Shell thought its efforts to become greener were enough when it announced its ambition to reduce its relative Net Carbon Footprint (NCF) by 50% within three decades (2050). Activists pressed for more, saying the plan lacked in actionable steps, with the closest target as a 20% reduction by 2035. Management surrendered and came back with a more detailed planning.
The goal remains intact: reducing the volume of CO2 emitted divided by the amount of energy sold by 50% by 2050 (and by 20% by 2035). What is new is the implementation of specific short-term targets (three- or five-year period) from 2020 onwards.
Management will see their remuneration indexed to the progress made towards the energy transition. Finally, as part of the agreement is a set of processes designed to review progress. As a reminder, Shell defines its NCF as grams of CO2 equivalent per megajoule (including methane and greenhouse gas). (Reminder a megajoule is worth c. 277Wh.)
Breaking down a three-decade goal into up to ten three-year ones logically reinforces the probability of a successful transition (by successful we mean reducing the NCF). Future options are many and we list several observations that can help:
- The goal is to reduce the relative NCF, not an absolute number.
- Unsurprisingly, the challenge comes from scope 3 emissions. Scopes 1 and 2 are under Shell’s control and will only account for 16% of the total emissions. The vast majority of emissions are “downstream scope 3”, i.e. the use of Shell’s refined products and natural gas.
- Oil-refined products (gasoline, diesel, etc.) account for 52% of the total emissions.
- Petrochemicals, lubricants and bitumen are not included in the current scope 3. This is because the end user does not burn them (i.e. not considered a source of energy).
- Scopes 1 and 2 have been rather stable since 2008.
- Simply put, Shell needs either to increase its total energy output by 25% with renewables (for the 2035 target), reduce its CO2 emitted by 20% or a mix of both.
One certainty: improved old Shell and LNG are not enough
Source: company presentation
The above chart lists Shell’s potential tools to reach its 2035 target. What is striking is that the top contributors are coming from new activities. We concur on the low contribution from internal processes’ improvements (shown as “Top quartile”) as eliminating flaring entirely would reduce the NCF by 1% according to our estimate. Therefore, Shell will need to offset its lucrative oil and gas business against greener activities.
The company does not provide a detailed computation of its NCF but we compute a close match with our estimate, at c.84g CO2/MJ. We estimate the current NCF of oil activities at c.88g CO2/MJ and natural gas at c.78g CO2/MJ. Therefore, growing the share of the production with natural gas is a tool, but one that could not bring down the NCF below 80 (the 2035 target is c.67g CO2/MJ).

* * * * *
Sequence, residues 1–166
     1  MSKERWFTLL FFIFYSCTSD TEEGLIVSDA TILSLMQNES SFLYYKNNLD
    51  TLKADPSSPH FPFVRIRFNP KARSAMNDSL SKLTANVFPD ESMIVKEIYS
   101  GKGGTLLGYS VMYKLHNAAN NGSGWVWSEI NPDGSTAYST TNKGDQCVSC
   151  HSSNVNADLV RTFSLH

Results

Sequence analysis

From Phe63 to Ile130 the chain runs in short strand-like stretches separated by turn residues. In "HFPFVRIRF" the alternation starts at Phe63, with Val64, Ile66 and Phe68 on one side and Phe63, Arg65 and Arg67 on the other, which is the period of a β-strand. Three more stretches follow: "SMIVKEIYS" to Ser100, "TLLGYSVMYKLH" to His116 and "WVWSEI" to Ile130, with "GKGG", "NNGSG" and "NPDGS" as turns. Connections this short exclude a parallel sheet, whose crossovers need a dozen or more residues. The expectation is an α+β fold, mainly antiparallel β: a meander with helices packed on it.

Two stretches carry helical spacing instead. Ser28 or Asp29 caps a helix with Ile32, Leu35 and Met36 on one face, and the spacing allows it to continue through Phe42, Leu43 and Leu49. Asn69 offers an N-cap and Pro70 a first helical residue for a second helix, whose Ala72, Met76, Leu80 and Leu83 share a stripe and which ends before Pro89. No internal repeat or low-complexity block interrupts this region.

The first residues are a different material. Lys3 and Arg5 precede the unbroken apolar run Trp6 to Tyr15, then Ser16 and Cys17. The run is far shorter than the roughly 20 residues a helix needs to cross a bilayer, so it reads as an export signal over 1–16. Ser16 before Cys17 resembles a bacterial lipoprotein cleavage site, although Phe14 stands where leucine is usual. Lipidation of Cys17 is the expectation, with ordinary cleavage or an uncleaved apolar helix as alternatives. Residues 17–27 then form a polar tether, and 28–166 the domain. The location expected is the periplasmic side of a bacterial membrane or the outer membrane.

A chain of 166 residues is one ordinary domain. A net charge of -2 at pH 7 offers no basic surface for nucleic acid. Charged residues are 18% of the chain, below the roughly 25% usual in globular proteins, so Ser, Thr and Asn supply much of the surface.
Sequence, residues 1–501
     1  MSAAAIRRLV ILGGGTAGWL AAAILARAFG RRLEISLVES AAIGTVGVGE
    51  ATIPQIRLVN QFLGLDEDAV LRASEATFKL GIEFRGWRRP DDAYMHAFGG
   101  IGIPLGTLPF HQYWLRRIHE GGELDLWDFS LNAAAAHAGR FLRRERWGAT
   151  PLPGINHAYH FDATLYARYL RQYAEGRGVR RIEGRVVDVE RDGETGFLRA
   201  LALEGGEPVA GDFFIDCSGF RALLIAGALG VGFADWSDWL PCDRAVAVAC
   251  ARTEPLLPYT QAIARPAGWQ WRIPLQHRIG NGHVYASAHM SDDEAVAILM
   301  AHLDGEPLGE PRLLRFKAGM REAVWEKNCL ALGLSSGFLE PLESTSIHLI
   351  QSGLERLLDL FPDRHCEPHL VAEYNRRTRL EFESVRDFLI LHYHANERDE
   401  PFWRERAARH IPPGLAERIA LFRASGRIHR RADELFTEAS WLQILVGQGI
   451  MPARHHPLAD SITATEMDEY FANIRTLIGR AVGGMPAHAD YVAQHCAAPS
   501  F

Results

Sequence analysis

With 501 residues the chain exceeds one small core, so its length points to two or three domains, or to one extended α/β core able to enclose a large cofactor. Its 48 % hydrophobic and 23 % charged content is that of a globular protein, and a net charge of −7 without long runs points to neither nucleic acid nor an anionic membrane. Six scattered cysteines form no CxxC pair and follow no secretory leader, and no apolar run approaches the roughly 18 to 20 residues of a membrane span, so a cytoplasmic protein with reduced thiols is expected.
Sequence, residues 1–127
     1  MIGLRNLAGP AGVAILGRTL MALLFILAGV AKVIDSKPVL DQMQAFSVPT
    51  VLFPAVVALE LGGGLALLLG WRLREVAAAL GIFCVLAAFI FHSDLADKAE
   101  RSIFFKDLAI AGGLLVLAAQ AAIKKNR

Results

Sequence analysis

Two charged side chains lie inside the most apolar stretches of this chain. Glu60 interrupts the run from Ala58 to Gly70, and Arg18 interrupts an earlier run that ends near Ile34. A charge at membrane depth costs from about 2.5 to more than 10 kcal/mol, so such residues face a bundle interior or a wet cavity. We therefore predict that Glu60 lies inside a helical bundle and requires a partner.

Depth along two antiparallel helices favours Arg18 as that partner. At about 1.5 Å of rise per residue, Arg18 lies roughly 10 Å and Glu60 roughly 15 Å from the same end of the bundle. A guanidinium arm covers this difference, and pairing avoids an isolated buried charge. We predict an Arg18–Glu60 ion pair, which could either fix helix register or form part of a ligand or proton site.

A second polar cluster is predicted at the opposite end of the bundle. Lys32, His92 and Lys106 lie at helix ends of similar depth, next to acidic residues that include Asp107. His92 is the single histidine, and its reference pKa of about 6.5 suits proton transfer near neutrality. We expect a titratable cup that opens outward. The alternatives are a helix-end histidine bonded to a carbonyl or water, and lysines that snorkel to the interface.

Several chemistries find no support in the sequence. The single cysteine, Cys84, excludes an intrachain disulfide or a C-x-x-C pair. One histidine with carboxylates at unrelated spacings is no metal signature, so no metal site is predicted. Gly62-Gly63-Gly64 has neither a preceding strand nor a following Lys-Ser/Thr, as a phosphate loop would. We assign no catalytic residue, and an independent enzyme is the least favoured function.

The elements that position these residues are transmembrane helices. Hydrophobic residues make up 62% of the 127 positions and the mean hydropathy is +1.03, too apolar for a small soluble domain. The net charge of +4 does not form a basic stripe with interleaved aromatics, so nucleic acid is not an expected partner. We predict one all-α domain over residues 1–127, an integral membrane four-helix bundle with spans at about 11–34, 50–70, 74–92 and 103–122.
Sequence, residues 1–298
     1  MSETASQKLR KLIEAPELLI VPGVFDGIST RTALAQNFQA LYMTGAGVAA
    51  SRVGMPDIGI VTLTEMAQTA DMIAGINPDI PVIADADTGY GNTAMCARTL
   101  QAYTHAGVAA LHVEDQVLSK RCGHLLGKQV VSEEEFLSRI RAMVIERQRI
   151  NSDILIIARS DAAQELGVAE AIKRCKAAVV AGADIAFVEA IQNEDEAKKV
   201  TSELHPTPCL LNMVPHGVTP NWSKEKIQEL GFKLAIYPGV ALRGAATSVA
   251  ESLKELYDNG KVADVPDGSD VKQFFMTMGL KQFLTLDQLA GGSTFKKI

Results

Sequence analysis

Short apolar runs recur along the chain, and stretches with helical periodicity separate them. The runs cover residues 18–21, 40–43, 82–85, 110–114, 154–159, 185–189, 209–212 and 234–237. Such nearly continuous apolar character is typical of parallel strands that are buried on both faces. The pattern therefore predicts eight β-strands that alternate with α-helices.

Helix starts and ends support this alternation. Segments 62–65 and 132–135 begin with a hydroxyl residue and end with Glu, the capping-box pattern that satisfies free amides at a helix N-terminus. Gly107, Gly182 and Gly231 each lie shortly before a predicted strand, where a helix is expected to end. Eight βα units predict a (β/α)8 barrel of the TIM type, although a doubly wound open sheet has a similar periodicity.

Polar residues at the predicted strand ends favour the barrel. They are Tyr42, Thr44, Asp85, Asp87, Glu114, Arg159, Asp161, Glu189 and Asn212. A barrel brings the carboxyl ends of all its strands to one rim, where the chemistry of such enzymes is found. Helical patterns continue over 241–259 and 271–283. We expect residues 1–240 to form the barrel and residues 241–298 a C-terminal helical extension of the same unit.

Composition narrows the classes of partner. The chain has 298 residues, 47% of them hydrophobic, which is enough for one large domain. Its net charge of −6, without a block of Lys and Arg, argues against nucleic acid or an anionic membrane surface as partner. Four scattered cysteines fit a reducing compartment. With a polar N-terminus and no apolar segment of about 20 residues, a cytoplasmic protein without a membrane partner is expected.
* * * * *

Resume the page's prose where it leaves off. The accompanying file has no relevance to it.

Renewables too expensive to offset it all
What is interesting is that Shell has chosen to express its output in an energy unit (i.e. megajoule) and this helps the comparison with utilities. We estimate that the major provides the equivalent of five times the electricity consumption of a country like France.
Adding 25% in additional output (c. 65GW) with green energy would be too costly for the group at this stage (management targets yearly capex of $1-2bn in new energies). It would certainly change Shell’s profile dramatically (e.g. Enel Green Power manages 43GW of wind farms, hydroelectric, geothermal, solar and biomass power plants).
Consider for instance, Shell’s recent announcement on a 50/50 JV with EDF renewables on an offshore wind farm in New Jersey. Building 2.5GW in offshore wind could bring c.4.4TWh of additional output (taking a 40% energy yield) and could cost more than $2bn to Shell while reducing its current NCF by less than 1%.
In short, being hemmed in by detailed progress reporting is going to be a nightmare for RD/Shell as well as for the rest of the European oil industry as it is inconceivable that shareholders will not ask for similar tracking efforts at competitors.
The challenge is huge and compounded by the fact that there are many moving parts. To name but a few: deflation of levelised cost of energy from renewable sources, innovation in biofuels, rate of adoption of electric cars, cost of reforestation projects, etc.
At this stage, electric mobility looks promising (and perhaps explains why several oil integrated companies rushed to acquire charging networks in 2018). This would allow the flowing of more energy (and increase the denominator in the NCF equation) without building more power capacity and use the downstream experience of Shell.
Future updates on how the group plans to meet its energy transition plan will help narrow down gauges. For the moment, our DCF shows a 22% upside with a yearly capex of $2bn into renewables. More would certainly bite. Except for the price to book ratio, all the other valuation indicators are also showing significant upsides, including against peers which ultimately face the same issues.
Being the first integrated to transition may give an edge to Shell as it should have more options in the market. How much that edge is worth may be irrelevant if the whole industry takes a bath as going green on scope 3 is tantamount to closing down the oil business.
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